In these days of recall, bad meat is on everyone's minds. It's too bad that so many people don't pay much attention when their elected officials -- who are supposed to protect consumers from disease and worse -- roll around in king-sized beds with the same industries that sold us the bad meat in the first place.
But we're getting ahead of ourselves.
This week marks the halfway point for the TEA Party's efforts to recall County Commissioners Tom Huffman and Chuck Brown.
You might remember that shortly after voters overwhelmingly rejected a new jail in November, the El Paso County Board of Commissioners unveiled their done-deal plan to go ahead and build it anyway.
By doing so, this four-man brain trust (plus one woman, Jeri Howells, who has howled in opposition to her colleagues' shenanigans) also cut services to county parks, public transportation, public health and roads and bridges to make their dream jail and courthouse expansion a reality.
Shortly after all hell broke loose, a group of citizens organized. Calling themselves the TEA Party, they have been out gathering signatures with the intent of ousting Huffman and Brown from office.
The region's special interest power brokers are displeased. Just before Christmas, these formidable leaders -- representing developers, realtors, the Chamber of Commerce and the Economic Development Corporation -- jumped to the beleaguered politicians' defense. Specifically, they announced the formation of their own "community group" to counter the recall, warning that firing the politicians would lead to nothing less than an apocalypse for the local economy.
The power brokers didn't mention that Commissioners Huffman and Brown are their own handpicked darlings, whose pockets they have lined with campaign cash and endorsements and can be counted on to vote (wink, wink) "the right way" -- often at the expense of neighborhood groups.
And now, these power brokers are trying their darndest via a carefully orchestrated public relations push to make sure their status quo is kept intact.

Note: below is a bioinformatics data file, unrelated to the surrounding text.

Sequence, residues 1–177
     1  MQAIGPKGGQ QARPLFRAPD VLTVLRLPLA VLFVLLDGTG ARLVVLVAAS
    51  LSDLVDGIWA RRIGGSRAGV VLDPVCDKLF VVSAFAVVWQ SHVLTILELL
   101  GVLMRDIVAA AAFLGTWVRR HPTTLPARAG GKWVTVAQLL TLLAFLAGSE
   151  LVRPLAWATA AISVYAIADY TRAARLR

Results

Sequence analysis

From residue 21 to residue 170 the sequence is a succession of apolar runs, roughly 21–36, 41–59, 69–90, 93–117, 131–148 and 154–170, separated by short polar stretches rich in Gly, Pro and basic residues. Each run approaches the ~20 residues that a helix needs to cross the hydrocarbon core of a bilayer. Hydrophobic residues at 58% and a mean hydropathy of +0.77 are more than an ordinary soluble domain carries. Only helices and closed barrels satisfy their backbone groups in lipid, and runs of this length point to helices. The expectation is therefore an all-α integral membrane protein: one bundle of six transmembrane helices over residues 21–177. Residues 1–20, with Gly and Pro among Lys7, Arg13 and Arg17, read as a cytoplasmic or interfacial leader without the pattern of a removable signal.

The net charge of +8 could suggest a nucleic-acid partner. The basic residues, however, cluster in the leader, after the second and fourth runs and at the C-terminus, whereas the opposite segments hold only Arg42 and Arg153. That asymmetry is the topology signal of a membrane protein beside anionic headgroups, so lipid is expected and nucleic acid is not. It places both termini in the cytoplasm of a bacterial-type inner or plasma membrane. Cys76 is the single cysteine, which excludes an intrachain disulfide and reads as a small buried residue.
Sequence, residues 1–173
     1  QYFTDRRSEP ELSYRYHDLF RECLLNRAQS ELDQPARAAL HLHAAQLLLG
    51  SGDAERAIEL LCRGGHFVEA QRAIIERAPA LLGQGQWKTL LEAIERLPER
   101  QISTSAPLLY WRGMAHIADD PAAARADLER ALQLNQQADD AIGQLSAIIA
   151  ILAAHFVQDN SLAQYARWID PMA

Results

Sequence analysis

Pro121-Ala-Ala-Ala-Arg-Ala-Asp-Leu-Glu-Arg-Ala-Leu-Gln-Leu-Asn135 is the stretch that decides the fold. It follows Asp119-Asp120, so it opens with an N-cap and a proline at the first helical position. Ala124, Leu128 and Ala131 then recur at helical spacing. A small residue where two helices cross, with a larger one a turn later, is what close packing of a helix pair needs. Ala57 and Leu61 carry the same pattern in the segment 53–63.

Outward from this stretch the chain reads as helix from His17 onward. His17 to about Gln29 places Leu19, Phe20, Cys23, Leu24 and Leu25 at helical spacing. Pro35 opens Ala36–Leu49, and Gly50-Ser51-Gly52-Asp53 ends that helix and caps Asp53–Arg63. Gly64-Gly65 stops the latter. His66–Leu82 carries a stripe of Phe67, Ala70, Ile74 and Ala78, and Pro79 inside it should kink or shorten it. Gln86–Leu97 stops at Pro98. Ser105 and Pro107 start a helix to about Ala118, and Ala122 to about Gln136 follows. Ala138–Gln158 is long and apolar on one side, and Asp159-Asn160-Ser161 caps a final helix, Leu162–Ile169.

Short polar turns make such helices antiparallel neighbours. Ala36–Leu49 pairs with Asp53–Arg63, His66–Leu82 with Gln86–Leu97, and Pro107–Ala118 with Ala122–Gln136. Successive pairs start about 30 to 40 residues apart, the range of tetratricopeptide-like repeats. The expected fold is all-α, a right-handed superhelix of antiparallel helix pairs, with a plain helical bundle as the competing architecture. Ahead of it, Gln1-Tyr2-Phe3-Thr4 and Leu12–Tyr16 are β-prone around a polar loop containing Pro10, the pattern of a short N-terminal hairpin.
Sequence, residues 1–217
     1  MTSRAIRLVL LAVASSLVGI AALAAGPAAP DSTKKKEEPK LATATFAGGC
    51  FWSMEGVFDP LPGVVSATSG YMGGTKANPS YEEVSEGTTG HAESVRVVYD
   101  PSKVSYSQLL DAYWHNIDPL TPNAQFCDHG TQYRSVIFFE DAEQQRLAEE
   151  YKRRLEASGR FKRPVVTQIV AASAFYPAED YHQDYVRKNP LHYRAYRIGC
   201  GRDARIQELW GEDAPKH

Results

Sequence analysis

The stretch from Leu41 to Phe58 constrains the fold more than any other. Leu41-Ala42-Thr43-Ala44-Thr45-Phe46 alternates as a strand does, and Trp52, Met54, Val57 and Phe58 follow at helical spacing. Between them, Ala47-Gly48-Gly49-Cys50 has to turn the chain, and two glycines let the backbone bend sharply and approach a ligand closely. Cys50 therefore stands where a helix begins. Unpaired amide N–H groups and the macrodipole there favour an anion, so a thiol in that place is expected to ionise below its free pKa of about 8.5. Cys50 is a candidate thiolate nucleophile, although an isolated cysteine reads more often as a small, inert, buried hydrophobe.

The TEA Party, led by Colorado Springs business owners Chuck Murphy and Jan Martin, has been unfazed. In fact, in the wake of the special interest anti-recall blitz, Martin said she is more disgusted than ever about "the good old boy mentality and cronyism that runs far and deep." Response to their Web site, www.recallcommissioners.com, has been, Martin says, "quite amazing." Their phone number, 510-0306, has been ringing off the hook.
"Hundreds of people are calling to volunteer or carry petitions," she said. "The people who have brought back petitions are reporting an 80 percent hit rate -- that is, eight out of 10 people have been willing to sign them."
With a deadline of Feb. 21, the TEA Party is circulating 4,000 petitions in Brown and Huffman's districts -- Brown's includes much of the central, western and southern parts of the city and Huffman represents eastern Colorado Springs and the land mass of rural eastern El Paso County.
So will they, can they, succeed? The jury's out, as are the petition gatherers.
From the front lines, circulator Jim Davis reports a mixed bag. For the past few weeks, Davis has been stationed in front of the King Soopers store on West Uintah, trying to secure signatures to recall Chuck Brown. "This is grassroots politics right here," Davis said. "I'm just so rankled, and so are other people when they find out that bus service is being reduced and open space funds are being sacrificed."
Davis reports that people have been eager to sign his petition to force a recall vote. Others have been reluctant.
One shopper said she was a county government employee and was afraid she'd get fired from her job if she got involved.
Another woman, who claimed she was the wife of a county sheriff's deputy, got in his face and called him all kinds of names. One man took issue with a big sign that Davis had put up calling for Chuck Brown's ouster. Within minutes, Davis said, a manager came outside and told him to remove the sign.
The funniest response came from a woman leaving the store. Davis approached her and he politely asked, "Ma'am, would you be willing to sign my petition to recall Chuck Brown?"
The woman breezed by him. "No thanks," she said. "I don't eat that kind of meat anymore."
The TEA Party would do well by embracing this woman's confusion and making it their campaign motto: No More Bad Meat.
After all it has been proven that ignorance is not bliss. In fact it leads to all kinds of public health problems.
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